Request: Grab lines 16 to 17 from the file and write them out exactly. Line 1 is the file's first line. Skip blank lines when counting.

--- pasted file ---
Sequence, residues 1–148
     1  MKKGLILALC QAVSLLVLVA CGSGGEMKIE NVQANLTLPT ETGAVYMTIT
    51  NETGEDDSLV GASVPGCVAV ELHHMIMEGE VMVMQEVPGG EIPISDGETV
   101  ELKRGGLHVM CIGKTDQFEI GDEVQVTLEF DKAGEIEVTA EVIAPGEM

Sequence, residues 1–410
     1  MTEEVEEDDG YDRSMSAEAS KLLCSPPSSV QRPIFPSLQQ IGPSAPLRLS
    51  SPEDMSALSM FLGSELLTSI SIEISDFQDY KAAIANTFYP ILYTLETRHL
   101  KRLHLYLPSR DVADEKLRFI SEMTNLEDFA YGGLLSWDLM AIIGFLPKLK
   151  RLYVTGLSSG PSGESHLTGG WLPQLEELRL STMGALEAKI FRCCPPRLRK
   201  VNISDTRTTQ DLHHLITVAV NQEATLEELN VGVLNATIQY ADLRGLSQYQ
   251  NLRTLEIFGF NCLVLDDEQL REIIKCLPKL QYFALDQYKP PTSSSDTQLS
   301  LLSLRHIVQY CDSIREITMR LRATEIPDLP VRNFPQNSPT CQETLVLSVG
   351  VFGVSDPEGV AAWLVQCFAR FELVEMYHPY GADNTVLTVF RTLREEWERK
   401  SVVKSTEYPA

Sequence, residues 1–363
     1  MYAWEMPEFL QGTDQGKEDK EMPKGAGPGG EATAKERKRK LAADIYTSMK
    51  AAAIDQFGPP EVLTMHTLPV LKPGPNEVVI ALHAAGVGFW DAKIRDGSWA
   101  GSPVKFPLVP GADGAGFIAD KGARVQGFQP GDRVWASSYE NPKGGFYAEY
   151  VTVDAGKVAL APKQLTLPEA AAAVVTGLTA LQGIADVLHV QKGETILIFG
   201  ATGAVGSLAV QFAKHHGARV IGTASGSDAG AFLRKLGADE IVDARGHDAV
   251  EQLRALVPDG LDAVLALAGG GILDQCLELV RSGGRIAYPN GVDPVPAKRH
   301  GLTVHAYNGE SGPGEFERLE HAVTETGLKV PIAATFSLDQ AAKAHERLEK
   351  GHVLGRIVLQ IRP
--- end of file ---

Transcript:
     1  MYAWEMPEFL QGTDQGKEDK EMPKGAGPGG EATAKERKRK LAADIYTSMK
    51  AAAIDQFGPP EVLTMHTLPV LKPGPNEVVI ALHAAGVGFW DAKIRDGSWA